Sunday, April 11, 2010

Sunday Quiz

The Wandsworth one way system is a well known London traffic black spot which drivers are only too happy to get through as quickly as possible.

However I lingered long enough to take a pic of this contraption in the Thames near Wandsworth Bridge.

Any guesses, educated or not as to:
a) what is this?
b) what is it doing?
c) and why?


will said...

it's a spud barge, spuds being the legs that hold it in place, making it an idea platform for any work performed by the crane. they could be lowering pipe, for example. when the work is finished, a tug will attach and spuds will be raised (ie, the barge refloated) to wherever it's next needed.

Tillerman said...

a) Jack up barge
b) drilling boreholes
c) doing a survey for Thames Water as part of the Tideway Tunnel Project.

O Docker said...

I actually knew this without Mr. Google's help.

They used one of these a few years ago to help dismantle an old SF Bay bridge that had been replaced.

And there's the same day shape that appeared on the survey boat in one of your earlier quizzes, I think its official meaning is, "It would take too long to explain what I'm doing, so just go around me."

Tillerman said...

It strikes me as rather odd that the barge is using the day shape for a "vessel restricted in her ability to maneuver" and not that for "vessel aground". I know that the definition of "vessel restricted in her ability to maneuver" includes survey vessels, but surely the barge is technically "aground" when the legs are down?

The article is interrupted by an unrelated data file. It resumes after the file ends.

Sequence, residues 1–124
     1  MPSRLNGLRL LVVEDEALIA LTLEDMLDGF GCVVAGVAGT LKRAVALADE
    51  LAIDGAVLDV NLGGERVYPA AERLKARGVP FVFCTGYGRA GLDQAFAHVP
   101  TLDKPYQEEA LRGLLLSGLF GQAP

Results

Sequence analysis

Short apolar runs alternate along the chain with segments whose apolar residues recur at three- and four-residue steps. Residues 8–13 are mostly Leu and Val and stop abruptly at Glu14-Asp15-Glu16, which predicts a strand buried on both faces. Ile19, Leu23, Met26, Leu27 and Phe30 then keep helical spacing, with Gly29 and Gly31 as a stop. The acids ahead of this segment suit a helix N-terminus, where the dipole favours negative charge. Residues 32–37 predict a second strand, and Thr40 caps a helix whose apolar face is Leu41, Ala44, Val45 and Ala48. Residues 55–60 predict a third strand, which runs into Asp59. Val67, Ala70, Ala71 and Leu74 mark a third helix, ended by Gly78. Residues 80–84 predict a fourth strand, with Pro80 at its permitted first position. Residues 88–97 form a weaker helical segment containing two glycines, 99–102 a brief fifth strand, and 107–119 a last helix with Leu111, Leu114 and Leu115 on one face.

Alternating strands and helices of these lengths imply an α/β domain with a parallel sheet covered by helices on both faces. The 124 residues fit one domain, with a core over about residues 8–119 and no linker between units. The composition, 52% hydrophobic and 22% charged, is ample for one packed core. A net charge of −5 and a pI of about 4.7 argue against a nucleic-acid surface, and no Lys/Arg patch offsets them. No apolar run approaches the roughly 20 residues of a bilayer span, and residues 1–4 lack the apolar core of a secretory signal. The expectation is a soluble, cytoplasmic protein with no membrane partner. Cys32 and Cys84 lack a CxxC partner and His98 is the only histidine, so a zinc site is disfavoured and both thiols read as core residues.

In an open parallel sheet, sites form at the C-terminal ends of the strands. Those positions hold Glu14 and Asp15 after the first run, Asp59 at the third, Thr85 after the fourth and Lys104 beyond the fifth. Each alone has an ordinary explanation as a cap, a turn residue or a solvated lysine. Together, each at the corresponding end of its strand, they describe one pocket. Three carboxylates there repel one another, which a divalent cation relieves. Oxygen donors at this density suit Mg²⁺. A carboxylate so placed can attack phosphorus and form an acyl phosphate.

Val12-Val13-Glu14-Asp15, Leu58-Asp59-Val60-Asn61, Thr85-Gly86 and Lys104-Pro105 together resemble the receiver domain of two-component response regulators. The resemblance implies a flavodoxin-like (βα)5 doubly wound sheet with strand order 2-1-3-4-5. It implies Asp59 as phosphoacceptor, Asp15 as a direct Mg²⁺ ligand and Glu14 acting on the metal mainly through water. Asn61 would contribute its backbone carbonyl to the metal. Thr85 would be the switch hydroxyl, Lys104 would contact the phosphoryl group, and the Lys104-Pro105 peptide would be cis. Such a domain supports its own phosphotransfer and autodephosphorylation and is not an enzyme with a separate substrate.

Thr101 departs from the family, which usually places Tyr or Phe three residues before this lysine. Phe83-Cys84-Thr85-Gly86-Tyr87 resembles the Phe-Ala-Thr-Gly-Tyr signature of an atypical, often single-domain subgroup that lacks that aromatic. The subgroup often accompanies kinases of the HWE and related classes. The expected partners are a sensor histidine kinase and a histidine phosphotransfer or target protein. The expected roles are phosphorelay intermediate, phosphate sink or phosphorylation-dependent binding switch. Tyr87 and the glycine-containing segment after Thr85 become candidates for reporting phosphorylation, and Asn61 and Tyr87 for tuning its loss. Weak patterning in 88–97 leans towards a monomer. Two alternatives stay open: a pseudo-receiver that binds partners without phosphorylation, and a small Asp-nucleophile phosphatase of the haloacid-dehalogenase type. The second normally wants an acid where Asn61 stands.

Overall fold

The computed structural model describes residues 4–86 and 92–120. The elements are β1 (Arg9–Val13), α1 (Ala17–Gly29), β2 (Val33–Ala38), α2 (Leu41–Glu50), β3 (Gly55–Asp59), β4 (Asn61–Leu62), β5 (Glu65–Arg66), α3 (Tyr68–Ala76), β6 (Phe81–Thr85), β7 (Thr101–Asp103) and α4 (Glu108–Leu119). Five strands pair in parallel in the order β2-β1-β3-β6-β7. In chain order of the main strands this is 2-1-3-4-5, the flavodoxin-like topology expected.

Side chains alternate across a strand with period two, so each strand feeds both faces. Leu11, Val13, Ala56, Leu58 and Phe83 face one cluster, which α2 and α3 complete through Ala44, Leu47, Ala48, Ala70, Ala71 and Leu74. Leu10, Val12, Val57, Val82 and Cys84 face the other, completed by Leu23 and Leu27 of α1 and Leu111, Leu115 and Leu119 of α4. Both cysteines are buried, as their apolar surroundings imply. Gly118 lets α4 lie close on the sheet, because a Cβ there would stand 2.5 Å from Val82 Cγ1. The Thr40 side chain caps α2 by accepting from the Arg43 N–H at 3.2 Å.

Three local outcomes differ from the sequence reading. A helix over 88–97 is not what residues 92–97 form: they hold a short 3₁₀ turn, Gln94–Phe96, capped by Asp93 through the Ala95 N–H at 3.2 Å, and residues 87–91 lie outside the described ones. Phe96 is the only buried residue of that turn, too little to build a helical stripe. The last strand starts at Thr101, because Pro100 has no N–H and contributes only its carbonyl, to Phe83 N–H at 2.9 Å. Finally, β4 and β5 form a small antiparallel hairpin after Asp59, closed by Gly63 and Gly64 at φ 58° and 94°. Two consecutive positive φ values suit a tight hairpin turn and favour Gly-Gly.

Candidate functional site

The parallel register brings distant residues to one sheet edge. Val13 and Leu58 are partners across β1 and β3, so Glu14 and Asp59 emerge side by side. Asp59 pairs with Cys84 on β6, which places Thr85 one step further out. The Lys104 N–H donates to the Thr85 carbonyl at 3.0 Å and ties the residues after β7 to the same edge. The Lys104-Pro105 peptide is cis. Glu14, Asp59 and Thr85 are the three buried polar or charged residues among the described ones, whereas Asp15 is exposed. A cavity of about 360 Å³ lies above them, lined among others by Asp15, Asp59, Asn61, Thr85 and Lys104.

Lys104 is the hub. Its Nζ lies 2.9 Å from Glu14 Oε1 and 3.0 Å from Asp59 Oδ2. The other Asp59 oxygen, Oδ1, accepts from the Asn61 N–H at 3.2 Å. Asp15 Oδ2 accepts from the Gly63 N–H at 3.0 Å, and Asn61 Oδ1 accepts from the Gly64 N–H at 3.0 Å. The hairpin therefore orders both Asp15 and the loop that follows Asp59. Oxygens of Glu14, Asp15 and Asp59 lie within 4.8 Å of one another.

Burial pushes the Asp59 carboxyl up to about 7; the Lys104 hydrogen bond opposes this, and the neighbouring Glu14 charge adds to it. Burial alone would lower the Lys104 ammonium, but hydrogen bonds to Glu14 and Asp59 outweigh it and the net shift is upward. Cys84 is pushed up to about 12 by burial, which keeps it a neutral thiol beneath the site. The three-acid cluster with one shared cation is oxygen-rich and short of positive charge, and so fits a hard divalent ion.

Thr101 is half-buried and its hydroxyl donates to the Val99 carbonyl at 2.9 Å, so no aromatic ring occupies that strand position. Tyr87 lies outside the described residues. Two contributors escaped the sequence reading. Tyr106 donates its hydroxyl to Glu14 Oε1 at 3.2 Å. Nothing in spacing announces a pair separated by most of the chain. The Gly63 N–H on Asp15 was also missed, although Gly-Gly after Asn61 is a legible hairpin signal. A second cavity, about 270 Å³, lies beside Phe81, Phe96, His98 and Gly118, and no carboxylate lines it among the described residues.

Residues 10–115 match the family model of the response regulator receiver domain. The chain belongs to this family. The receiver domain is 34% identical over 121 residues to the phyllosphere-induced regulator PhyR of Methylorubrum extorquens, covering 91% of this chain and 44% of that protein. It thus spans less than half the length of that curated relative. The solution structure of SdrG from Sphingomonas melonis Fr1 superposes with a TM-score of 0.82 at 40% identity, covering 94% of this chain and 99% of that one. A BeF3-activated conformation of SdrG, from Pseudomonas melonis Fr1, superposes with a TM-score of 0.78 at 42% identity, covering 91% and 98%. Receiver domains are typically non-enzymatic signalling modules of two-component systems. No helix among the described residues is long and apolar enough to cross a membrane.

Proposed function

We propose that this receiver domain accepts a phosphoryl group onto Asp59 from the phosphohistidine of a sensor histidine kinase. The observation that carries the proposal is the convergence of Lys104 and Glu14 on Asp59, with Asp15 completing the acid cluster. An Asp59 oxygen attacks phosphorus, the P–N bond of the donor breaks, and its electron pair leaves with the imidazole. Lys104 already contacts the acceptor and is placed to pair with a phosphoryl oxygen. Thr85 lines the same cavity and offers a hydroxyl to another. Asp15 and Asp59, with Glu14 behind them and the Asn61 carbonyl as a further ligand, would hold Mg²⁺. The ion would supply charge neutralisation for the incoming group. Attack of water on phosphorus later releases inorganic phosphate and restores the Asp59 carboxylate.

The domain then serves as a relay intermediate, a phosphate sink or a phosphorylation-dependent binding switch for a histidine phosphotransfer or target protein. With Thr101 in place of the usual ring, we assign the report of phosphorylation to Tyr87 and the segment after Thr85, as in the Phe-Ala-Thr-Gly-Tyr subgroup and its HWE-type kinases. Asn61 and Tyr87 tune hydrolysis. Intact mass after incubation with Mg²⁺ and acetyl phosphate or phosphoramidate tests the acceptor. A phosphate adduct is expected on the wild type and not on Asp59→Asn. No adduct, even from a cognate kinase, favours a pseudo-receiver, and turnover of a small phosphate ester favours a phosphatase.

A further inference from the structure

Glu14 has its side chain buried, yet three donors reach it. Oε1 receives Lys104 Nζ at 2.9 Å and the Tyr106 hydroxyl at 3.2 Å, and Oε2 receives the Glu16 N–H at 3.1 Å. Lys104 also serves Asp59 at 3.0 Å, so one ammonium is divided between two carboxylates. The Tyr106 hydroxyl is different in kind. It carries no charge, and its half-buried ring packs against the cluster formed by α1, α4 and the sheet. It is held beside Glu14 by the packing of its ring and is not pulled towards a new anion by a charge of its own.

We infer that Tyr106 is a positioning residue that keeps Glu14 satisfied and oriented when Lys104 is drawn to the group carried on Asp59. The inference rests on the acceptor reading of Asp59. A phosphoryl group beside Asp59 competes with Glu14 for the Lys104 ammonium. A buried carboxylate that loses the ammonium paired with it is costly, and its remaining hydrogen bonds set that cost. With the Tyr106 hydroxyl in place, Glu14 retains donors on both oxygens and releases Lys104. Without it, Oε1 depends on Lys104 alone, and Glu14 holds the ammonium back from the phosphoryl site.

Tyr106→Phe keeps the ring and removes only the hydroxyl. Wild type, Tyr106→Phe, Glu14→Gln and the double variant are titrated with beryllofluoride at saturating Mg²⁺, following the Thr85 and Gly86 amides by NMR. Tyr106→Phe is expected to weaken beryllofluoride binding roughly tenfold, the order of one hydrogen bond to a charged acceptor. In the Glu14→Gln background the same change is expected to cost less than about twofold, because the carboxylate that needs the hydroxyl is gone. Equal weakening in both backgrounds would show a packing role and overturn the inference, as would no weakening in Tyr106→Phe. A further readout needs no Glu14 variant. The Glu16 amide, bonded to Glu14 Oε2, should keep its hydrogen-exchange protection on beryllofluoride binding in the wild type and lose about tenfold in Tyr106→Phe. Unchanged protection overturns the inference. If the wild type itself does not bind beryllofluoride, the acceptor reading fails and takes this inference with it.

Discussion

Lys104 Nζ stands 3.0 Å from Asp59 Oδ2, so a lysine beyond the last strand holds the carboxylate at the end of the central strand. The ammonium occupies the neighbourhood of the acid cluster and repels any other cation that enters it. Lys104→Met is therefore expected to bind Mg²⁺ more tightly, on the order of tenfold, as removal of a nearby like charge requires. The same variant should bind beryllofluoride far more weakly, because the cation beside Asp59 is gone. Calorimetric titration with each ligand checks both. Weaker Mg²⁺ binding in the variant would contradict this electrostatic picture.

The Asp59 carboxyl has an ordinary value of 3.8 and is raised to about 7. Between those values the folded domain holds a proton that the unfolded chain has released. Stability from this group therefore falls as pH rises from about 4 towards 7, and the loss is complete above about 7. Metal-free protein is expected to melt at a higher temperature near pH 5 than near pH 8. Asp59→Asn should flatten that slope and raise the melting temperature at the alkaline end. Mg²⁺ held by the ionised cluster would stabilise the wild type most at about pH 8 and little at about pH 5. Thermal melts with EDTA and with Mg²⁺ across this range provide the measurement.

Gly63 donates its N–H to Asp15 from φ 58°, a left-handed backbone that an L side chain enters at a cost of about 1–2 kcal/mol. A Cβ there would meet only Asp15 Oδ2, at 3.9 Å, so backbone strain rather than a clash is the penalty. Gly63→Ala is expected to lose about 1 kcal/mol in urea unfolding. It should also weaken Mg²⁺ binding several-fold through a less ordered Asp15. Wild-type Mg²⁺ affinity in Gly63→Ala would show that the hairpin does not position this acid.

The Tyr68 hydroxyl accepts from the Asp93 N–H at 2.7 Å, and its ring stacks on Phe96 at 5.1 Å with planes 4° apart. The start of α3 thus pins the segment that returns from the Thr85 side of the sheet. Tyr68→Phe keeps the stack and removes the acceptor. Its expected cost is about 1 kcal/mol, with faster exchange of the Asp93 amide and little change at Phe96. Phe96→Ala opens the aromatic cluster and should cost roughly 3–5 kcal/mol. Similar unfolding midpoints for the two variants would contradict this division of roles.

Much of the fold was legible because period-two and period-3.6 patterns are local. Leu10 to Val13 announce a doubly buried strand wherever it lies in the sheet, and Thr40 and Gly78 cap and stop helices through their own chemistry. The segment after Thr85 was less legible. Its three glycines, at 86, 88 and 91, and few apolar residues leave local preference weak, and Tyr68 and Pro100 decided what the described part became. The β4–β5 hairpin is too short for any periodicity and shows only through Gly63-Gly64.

I actually didn't not know this was not odd without none of Mr. Google's help.

O Docker said...

I have no idea what rules apply in the Thames estuary, but here is the relevant USCG rule 27 (vessel not under command):

A vessel engaged in dredging or underwater operations, when restricted in her ability to maneuver, shall exhibit the lights and shapes prescribed (ball, diamond, ball) and shall in addition ...when at anchor, the lights or shapes prescribed in this paragraph instead of the lights or shapes prescribed in Rule 30, for anchored vessels.

Oh great, now you've made me go and ask Mr. Google, after all.

Tillerman said...

Wandsworth is not in what would normally be considered the Thames Estuary. I'm so sure I'm right on this that I almost wrote this sentence without Mr. Google's help.

But is this barge anchored or aground? Surely if the legs are down its weight is supported on the river bed, which sounds like the same as being aground to me. I actually wrote this whole paragraph without Mr. Google's help.

O Docker said...

Hmm, it sounds more like being anchored to me - they conciously chose the place and the time, presumably, and are attached to the bottom with gear deployed for that purpose.

But right there is a good reason why I try to avoid discussions about rules and regulations. Before long, you're using words like 'deploy'.